Virginia Beach Swim Lessons Making an Impact

Virginia Beach Swim Lessons Making an Impact

It’s taken quite some time — 5 years in fact — to get swim lessons in the Virginia Beach public school systems. friend which might We have Rosemary Wilson, and some local businesses, to thank for that. Wilson is the City Councilmember that first suggested swim lessons be added into the curriculum but the idea was shot down by the VB School Board. Now, with $7500 in donations from McKenzie Construction and the Virginia Beach Hotel Association, 350 elementary school children in Title I schools will receive free swim lessons. That’s a mere $2.14 per child, per lesson to learn an invaluable life skill, in an area completely inundated by waterways. Awareness and education are the first steps in preventing drownings. Has there been a discussion to include water safety education in a classroom setting into the curriculum? Arlington Public Schools has a component of their physical education curriculum dedicated to teaching water safety awareness COMBINED with swim lessons. Don’t get us wrong — we are all for swim lessons. According to USA Swimming, “participation in formal swimming lessons could reduce the likelihood of childhood drowning by 88%.” But, if we are only teaching 350-500 children every year, the vast majority of school children aren’t receiving anything. So, why not add water safety education into the physical education curriculum COMBINED with the swim lessons being provided by such outstanding local businesses and...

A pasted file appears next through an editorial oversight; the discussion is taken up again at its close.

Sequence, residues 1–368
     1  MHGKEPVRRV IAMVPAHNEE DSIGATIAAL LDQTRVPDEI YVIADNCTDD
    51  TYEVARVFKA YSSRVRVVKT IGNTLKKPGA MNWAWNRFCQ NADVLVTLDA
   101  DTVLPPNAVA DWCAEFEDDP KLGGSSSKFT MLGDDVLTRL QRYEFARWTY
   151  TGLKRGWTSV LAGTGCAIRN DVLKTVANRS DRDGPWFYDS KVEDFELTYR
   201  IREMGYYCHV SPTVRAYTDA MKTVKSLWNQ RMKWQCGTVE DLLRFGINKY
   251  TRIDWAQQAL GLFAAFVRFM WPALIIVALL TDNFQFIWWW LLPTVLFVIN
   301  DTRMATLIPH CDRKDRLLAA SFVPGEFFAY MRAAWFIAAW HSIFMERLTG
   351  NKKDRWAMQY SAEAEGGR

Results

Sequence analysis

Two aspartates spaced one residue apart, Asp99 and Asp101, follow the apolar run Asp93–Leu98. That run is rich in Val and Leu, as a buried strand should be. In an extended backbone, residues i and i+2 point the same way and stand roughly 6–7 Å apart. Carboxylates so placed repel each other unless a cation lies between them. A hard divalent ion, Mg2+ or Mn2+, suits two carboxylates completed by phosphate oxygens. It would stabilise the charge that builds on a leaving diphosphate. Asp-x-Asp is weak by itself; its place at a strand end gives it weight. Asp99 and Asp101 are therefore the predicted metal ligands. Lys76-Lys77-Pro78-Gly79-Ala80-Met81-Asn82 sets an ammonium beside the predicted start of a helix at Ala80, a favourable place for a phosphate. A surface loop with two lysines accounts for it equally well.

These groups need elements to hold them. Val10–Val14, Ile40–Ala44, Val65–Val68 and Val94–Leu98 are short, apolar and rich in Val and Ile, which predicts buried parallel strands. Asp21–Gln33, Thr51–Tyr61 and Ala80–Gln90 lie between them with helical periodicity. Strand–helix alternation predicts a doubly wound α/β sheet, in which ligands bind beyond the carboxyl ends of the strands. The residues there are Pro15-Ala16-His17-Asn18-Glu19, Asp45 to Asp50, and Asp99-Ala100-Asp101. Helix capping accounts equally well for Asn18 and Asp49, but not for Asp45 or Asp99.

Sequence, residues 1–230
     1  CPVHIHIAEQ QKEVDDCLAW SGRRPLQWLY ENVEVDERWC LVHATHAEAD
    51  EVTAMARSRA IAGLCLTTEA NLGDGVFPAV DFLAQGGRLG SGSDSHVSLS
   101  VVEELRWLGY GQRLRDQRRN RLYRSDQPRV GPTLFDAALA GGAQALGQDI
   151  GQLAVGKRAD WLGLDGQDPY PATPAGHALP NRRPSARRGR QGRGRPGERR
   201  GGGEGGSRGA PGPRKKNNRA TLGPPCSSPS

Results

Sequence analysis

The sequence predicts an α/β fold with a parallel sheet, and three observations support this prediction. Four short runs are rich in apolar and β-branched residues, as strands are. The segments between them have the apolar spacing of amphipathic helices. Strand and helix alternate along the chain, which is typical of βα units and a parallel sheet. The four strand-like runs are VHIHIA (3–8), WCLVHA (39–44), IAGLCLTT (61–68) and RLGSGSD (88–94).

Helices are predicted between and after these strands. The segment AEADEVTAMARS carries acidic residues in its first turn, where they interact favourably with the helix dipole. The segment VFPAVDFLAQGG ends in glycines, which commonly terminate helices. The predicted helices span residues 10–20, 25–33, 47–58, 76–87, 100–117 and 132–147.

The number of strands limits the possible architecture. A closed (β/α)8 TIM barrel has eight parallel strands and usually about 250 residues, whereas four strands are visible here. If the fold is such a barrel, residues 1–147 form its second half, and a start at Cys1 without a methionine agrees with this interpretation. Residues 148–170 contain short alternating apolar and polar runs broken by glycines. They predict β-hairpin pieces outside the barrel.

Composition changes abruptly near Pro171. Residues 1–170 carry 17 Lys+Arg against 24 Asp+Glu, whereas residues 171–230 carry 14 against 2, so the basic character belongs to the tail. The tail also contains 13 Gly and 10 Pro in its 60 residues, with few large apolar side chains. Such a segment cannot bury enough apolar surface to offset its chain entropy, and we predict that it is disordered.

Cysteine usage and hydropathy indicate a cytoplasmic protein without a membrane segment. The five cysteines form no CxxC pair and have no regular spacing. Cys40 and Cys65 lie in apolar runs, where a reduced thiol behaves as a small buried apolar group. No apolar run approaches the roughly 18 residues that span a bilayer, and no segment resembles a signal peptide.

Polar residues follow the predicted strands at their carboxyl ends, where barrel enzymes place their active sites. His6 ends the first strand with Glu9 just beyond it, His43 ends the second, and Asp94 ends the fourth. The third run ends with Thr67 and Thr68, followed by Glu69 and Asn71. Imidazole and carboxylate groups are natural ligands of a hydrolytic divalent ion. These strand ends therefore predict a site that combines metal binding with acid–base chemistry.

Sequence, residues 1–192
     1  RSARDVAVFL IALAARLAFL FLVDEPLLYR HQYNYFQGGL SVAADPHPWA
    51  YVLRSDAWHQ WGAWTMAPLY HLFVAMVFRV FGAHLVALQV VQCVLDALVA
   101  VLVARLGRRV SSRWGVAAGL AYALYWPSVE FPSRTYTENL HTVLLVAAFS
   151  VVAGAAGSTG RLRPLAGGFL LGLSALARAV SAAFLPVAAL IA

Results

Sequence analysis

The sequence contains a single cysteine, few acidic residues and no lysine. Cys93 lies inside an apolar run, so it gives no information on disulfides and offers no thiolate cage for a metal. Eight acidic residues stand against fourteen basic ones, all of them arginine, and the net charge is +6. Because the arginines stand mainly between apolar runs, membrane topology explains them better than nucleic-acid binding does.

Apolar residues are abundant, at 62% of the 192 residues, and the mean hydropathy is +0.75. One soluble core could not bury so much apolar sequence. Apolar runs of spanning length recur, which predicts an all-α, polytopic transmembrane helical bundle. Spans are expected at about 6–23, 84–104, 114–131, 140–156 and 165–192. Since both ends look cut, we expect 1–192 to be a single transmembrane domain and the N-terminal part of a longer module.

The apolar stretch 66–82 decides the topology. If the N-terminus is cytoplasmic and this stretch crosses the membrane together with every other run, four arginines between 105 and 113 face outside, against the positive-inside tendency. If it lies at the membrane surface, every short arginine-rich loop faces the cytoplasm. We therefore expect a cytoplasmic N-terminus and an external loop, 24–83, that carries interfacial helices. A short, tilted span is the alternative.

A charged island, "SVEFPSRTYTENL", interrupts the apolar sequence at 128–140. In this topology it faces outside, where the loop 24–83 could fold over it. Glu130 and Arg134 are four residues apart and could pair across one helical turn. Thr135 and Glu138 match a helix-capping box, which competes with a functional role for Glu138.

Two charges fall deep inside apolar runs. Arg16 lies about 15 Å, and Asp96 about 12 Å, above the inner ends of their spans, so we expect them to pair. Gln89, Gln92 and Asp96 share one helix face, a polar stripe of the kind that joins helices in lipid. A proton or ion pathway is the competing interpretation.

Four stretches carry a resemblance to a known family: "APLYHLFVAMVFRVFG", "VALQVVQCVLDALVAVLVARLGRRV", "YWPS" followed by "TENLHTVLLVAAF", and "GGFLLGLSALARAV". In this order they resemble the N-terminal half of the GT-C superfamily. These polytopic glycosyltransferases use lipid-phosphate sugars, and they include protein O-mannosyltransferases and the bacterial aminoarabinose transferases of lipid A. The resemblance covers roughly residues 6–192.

UNICEF, Commonwealth Games Team Up

UNICEF, Commonwealth Games Team Up